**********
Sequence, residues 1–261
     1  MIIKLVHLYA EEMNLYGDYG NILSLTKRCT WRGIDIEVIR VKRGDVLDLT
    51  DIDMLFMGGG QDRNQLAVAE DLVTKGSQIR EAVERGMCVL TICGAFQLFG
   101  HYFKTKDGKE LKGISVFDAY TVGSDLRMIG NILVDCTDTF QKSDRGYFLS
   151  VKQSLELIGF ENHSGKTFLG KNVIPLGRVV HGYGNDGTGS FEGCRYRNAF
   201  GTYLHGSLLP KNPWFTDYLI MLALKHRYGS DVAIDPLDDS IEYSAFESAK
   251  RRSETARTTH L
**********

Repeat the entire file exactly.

Sequence, residues 1–261
     1  MIIKLVHLYA EEMNLYGDYG NILSLTKRCT WRGIDIEVIR VKRGDVLDLT
    51  DIDMLFMGGG QDRNQLAVAE DLVTKGSQIR EAVERGMCVL TICGAFQLFG
   101  HYFKTKDGKE LKGISVFDAY TVGSDLRMIG NILVDCTDTF QKSDRGYFLS
   151  VKQSLELIGF ENHSGKTFLG KNVIPLGRVV HGYGNDGTGS FEGCRYRNAF
   201  GTYLHGSLLP KNPWFTDYLI MLALKHRYGS DVAIDPLDDS IEYSAFESAK
   251  RRSETARTTH L